Synchrotron X-ray data have profound advantages over conventional X-ray data for structure determination. It is customary to use Debye-Scherrer geometry for powder diffraction experiment using synchrotron radiation. The structure refinement by Rietveld profile fitting was performed using the package JANA 2006 [52]. Initially the profile parameters were refined followed by the structural parameters. A Simpson's rule integration of the Pseudo-Voigt function [53] was used to model the peak profile. The low-angle asymmetry due to the axial divergence [54] was used to model the asymmetry correction with two refineable parameters. Use of capillary specimen eliminates preferred orientation effects, which are highly significant in flat plate samples [53]. The background is refined using Legendre Polynomial and all atomic coordinates, Uiso parameters, harmonic and anharmonic parameters of non-hydrogen atoms were refined [55, 56]. For hydrogen atoms the Uiso parameters were fixed to be 0.035 Å2. In refining the synchrotron data for ampicillin trihydrate, the space group was set as P21 21 21 and the initial cell parameters were set as a=15.52 Å, b=18.92 Å, and c=6.67 Å. The refined cell parameters are in good agreement with the reported ones. For the final refinement cycles the water molecules were fixed in position as the refinement was not sensitive to the position of O and H atoms in water. All 2111 unique reflections were treated and the refinement proceeded smoothly to reach a minimum characterized by an excellent fit to the diffraction profile (R=1.98%, GoF=2.48, Rp=2.73%, wRp=3.66%). The refined Rietveld profiles are shown in Fig. 3.

FIG. 3 Rietveld refined experimental X-ray profile for ampicillin trihydrate.
A. Multipole analysis

Multipole model is a versatile tool which is used in the present study to understand the experimental charge density and its deviation from theoretical models. This model was proposed by Hansen and Coopens [30] with the option that it allows the refinement of population parameters at various orbital levels where the atomic density is described as a series expansion in real spherical harmonic functions through fourth order Ylm.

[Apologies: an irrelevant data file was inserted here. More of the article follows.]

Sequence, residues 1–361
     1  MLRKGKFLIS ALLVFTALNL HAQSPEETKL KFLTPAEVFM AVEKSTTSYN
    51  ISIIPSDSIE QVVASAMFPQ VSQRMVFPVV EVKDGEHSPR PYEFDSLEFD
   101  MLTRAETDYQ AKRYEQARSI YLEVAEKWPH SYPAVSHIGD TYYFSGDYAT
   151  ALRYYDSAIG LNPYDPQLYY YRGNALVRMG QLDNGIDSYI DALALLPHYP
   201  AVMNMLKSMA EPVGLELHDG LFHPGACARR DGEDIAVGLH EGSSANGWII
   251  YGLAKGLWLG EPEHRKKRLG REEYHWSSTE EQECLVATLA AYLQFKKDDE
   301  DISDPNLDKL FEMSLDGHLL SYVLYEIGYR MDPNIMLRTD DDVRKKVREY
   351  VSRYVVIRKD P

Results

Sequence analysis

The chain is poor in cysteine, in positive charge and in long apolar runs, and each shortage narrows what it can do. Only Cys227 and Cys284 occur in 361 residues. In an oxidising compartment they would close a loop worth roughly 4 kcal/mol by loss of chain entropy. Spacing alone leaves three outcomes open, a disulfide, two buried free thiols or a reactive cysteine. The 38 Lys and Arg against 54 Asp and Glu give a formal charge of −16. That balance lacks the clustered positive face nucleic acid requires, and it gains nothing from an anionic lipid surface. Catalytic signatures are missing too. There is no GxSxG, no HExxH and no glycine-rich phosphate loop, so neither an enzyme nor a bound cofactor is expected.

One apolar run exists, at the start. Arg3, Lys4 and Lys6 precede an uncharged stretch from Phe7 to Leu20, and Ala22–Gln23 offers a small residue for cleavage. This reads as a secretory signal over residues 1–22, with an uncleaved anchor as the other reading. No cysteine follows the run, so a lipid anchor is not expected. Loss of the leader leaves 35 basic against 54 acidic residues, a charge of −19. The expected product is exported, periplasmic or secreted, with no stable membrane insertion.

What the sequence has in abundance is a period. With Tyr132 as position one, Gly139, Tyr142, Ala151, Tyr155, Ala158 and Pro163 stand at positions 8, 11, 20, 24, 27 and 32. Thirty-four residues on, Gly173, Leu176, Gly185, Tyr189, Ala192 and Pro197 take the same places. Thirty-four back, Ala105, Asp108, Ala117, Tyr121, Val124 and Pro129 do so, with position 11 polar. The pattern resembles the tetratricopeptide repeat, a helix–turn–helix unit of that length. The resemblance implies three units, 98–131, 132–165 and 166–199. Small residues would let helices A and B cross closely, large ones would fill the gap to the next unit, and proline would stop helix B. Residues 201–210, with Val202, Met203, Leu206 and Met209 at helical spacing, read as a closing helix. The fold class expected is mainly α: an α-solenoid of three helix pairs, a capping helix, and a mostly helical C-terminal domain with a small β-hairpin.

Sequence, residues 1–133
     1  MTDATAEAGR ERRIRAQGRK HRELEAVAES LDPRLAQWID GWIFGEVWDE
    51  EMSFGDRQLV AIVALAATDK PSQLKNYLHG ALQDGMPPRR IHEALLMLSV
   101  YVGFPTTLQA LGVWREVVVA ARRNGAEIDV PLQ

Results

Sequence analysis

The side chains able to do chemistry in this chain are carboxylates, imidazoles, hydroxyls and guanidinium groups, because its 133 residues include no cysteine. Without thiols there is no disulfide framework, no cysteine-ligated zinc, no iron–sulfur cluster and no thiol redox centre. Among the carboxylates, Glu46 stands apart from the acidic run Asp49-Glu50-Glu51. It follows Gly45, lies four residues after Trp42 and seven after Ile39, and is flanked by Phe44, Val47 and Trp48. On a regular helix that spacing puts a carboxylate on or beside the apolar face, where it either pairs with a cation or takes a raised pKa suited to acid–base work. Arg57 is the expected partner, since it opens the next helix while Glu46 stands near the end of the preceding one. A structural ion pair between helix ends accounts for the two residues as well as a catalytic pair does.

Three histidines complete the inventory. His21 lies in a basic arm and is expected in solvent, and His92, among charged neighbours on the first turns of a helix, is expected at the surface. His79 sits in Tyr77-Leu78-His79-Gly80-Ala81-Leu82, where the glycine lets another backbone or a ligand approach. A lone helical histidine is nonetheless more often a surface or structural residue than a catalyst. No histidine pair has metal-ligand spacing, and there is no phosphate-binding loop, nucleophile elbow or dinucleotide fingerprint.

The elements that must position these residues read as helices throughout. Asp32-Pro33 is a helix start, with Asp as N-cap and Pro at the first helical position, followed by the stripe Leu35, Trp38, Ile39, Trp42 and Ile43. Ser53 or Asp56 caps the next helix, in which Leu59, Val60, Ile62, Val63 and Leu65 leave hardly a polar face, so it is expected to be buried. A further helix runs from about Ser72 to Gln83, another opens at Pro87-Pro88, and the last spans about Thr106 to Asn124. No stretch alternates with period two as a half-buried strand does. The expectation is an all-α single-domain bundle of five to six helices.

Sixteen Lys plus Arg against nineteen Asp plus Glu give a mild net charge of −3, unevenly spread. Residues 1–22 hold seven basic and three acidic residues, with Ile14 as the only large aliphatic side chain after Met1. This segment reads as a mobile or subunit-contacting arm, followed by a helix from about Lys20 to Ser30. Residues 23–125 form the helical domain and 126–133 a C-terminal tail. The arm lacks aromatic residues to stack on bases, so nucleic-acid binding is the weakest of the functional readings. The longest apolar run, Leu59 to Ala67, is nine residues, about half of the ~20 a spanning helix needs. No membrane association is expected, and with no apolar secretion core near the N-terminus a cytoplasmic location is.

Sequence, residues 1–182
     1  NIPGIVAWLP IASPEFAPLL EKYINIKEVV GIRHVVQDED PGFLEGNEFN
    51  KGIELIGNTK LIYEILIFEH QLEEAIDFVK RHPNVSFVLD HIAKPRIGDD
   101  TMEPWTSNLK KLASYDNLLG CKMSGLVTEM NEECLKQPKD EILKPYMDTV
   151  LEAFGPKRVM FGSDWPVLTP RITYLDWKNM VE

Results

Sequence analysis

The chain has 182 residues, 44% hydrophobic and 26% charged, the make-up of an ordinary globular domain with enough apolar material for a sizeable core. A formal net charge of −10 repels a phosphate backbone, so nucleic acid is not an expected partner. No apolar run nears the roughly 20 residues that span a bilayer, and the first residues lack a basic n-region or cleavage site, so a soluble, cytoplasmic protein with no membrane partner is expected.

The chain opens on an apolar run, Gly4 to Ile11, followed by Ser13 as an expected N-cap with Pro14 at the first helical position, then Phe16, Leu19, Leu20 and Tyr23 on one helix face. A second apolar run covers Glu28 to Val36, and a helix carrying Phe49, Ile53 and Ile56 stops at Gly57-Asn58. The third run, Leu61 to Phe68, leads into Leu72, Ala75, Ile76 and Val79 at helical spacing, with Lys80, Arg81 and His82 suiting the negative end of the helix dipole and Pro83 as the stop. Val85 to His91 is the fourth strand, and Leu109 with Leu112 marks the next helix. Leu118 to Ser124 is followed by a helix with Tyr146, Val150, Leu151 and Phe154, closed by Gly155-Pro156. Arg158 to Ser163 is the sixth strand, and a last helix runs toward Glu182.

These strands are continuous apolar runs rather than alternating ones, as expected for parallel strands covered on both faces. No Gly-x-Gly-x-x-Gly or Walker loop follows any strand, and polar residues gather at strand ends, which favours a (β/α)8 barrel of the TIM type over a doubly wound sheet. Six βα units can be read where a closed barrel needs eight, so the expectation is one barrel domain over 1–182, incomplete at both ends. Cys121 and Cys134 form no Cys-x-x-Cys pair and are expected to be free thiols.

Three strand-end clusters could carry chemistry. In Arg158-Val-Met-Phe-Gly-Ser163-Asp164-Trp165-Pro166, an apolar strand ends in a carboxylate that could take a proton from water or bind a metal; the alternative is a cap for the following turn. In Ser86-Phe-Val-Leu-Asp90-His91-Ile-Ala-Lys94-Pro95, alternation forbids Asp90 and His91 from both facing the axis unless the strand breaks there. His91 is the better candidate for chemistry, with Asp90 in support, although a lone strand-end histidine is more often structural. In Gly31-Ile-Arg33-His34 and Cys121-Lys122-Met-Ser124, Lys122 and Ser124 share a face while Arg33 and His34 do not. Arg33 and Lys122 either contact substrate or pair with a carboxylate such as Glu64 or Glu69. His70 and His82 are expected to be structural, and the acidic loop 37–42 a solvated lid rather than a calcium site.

According to this model the charge density in a crystal is written as the superposition of a harmonically vibrating aspherical atomic density distribution convolving with the Gaussian thermal distribution as:


where tk(u) is the Gaussian thermal distribution term and ⊕ indicates a convolution and the individual atomic charge density is defined as:


where PC, PV , and Plm are population coefficients. The canonical Hatree-Fock atomic orbitals of the free atoms normalized to one electron were used for the construction of ρcore and ρvalence, but the valence function is allowed to expand/contract by the adjustment of the variable parameter κ and κ'. The third term describes the non spherical part of the valence electron distribution and Ylm is the spherical harmonic function in real form. The neutral atom wave functions are taken from Clementi tables and the Slater type radial functions Rl are used with nl=4, 4, 6, 8 for l<4 and the atomic orbitals up to Hexadecapole were considered with double zeta function ξ as per Hansen and Coopens [30]. The refined structure factors were used to find the core, valence and the pseudo atomic electron occupancies Plm. The multipole deformation function allowed for the orthorhombic site symmetry are P20, P22+, P32−, P40, P42+ and P44+ while the other terms vanish due to the symmetry existing in the molecule [57, 58]. The valence contraction expansion parameter κ is refined for individual atoms. The κ for 1S, 2O, 4O, 5O, 6N, 9C, 1OC, 11C, 13C, 14C, 16C, 18C, 22C, 23C, 24C, 44O, 47O, and 50O is greater than one which reveals that all these atoms undergo contraction while bonding whereas other non hydrogen atoms like 7N, 8N, 17C, and 19C undergo expansion during the bond formation. The population parameters for the orthorhombic symmetry of ampicillin and the details of the hydrogen bonding scheme are listed in Table II and III.